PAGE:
In agreement with previous investigations9,10, the resting spectra before Cr supplementation showed abnormally elevated P^sub i^/PCr, ATP/PCr and PDE/PCr ratios, thus pointing to an abnormally low intracellular PCr concentration. Immediately after the onset of Cr supplementation, all of the aforementioned metabolite ratios decreased considerably, but the effect was transient. During continuous Cr supplementation, the resting P^sub i^/PCr and ATP/PCr ratios showed a trend to decrease again (Figure 2A).

Effect of oral Cr supplementation on exercise performance

At the beginning of this study, CD was able to walk 50 m, after which he was exhausted and complained about muscle cramps and he was unable to climb stairs. With Cr supplementation, muscle performance parameters improved. The parents reported an increase in general strength and a decrease in the frequency of accidental falling from the third day of Cr supplementation onwards up to five days after the end of an individual Cr supplementation period. Thereafter, the condition progressively worsened until the onset of the next Cr supplementation period. No such worsening was observed during continuous Cr supplementation. CD regained the ability to climb stairs, (47-95 sec for seven steps), and regularly walked 450m on a slightly ascending road, in times of 9min to 12 min. No difference in this latter parameter was seen between intermittent supplementation (days 47-91) and continuous supplementation with Cr (days 117-153).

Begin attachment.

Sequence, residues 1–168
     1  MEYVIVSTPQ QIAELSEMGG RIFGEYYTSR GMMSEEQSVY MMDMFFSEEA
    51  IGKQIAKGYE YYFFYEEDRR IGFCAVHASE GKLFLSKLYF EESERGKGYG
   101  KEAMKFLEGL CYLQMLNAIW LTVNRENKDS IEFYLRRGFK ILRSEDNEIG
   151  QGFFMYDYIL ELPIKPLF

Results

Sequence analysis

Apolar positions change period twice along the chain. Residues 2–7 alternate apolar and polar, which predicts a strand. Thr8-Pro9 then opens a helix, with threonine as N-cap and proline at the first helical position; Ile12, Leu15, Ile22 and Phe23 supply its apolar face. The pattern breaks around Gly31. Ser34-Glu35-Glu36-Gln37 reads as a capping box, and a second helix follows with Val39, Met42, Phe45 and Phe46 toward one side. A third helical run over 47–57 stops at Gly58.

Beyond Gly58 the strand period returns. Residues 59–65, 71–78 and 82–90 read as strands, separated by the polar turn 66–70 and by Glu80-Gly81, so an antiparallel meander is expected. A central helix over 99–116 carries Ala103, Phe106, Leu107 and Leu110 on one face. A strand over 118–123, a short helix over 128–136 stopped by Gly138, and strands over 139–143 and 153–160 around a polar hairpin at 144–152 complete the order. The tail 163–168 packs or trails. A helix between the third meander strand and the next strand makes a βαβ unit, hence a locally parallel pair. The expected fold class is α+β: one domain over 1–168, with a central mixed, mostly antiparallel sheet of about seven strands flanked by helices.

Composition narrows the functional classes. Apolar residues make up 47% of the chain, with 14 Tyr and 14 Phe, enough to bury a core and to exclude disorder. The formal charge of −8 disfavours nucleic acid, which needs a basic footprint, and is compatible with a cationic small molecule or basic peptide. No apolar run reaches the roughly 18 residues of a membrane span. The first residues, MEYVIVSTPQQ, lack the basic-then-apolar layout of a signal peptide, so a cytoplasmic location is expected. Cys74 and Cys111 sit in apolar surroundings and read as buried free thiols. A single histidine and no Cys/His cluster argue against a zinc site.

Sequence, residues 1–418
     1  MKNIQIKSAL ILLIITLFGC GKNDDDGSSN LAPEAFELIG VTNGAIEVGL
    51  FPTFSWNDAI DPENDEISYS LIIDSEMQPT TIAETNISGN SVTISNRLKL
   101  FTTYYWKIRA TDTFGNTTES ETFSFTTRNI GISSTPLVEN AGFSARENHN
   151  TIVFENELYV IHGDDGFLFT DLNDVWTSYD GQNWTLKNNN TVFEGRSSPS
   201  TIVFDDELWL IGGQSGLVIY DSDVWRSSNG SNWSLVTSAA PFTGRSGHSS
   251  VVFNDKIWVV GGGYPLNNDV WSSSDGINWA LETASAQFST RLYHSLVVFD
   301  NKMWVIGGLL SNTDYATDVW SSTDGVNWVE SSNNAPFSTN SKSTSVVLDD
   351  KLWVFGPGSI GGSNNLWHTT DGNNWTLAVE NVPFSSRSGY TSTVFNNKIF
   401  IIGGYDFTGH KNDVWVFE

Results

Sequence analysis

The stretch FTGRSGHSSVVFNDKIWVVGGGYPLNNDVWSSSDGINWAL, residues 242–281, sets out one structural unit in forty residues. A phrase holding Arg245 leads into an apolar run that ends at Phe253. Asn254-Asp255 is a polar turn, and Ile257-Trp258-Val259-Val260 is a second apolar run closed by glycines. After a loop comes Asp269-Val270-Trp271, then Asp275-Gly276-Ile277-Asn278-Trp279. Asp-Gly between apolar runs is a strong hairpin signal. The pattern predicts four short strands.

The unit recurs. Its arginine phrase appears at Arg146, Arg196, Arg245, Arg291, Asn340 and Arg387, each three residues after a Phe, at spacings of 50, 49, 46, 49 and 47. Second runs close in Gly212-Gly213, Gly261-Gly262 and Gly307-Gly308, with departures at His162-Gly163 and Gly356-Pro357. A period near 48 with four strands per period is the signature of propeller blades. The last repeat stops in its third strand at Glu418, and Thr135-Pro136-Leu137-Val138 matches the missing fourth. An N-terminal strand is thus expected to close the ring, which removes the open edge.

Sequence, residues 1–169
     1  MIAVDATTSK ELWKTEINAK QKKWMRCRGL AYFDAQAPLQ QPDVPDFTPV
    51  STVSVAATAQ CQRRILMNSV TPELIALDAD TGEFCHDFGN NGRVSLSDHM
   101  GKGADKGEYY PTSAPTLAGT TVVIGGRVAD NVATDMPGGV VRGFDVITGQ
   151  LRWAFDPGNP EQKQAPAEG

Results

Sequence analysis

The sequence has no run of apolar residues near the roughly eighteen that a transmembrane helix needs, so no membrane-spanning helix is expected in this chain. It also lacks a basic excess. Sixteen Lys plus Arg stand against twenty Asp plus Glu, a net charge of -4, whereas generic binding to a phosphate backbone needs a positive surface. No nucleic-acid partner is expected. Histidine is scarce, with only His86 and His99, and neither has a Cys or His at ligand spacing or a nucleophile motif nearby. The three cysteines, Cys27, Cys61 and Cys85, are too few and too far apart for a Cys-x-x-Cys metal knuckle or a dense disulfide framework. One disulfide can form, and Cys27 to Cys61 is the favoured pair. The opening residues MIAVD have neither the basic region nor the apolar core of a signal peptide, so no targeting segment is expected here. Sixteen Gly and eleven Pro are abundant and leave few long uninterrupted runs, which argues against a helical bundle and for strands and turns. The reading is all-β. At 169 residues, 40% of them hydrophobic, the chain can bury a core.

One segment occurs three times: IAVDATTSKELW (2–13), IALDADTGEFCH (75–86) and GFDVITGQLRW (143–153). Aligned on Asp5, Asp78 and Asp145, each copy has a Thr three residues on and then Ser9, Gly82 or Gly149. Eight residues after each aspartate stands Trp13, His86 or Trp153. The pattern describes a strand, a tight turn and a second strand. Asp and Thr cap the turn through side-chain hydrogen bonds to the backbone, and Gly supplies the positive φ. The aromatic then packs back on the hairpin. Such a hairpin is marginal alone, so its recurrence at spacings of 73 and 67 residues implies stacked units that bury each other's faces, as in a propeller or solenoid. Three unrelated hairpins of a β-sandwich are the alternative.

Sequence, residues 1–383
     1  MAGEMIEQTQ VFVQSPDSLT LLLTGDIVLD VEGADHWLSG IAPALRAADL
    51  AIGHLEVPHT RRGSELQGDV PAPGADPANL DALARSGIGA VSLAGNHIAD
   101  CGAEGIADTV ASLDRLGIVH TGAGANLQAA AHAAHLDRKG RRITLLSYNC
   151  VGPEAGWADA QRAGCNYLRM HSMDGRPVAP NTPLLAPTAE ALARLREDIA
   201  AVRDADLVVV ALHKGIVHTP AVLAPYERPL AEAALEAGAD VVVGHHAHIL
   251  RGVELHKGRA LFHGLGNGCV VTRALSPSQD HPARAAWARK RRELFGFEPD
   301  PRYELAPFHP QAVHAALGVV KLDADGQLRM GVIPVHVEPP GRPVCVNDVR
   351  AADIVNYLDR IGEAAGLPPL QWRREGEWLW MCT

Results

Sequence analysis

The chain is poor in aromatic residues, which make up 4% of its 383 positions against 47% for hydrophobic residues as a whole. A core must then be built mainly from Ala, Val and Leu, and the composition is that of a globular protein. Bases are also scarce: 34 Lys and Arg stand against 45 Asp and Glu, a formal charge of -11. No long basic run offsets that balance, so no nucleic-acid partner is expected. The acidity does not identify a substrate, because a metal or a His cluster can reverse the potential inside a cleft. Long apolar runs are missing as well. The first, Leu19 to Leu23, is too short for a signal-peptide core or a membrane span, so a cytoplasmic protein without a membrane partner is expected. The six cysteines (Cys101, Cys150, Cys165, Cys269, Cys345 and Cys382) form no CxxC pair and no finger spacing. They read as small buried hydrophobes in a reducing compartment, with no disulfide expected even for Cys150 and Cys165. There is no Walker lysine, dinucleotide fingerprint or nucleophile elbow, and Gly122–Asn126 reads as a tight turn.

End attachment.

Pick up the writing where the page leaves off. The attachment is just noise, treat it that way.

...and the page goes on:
Figure 2B shows the time needed to climb a 9 m-long 250 slope. Performance in this test steadily improved during the first 40 days, but then apparently reached a plateau. From days 99 to 114, CD received no Cr and discontinued regular exercise which is reflected in the poor performance data just afterwards. However, upon resumption of Cr supplementation and exercise, values returned to the pre-break level. Again, no significant difference was observed between intermittent and continuous Cr supplementaiton.

The dynamic 31 P-MRS experiments were performed prior to Cr supplementation and then at the end of each individual Cr supplementation period. During the initial MRS examination, CD was exhausted after 1.5 min of workload, even before the spectra showed PCr consumption and increase in Pi. During Cr supplementation, he always exercised until intracellular pH dropped beyond 6.8 which was associated with an increase in P^sub i^/PCr and ATP/PCr ratios (Figure 3). The time he was able to exercise in the magnet progressively increased from 3 min up to 11 min (Figure 28). Upon termination of work, the metabolite ratios rapidly returned to preexercise levels, demonstrating that mitochondrial function is, at least, not severely impaired11.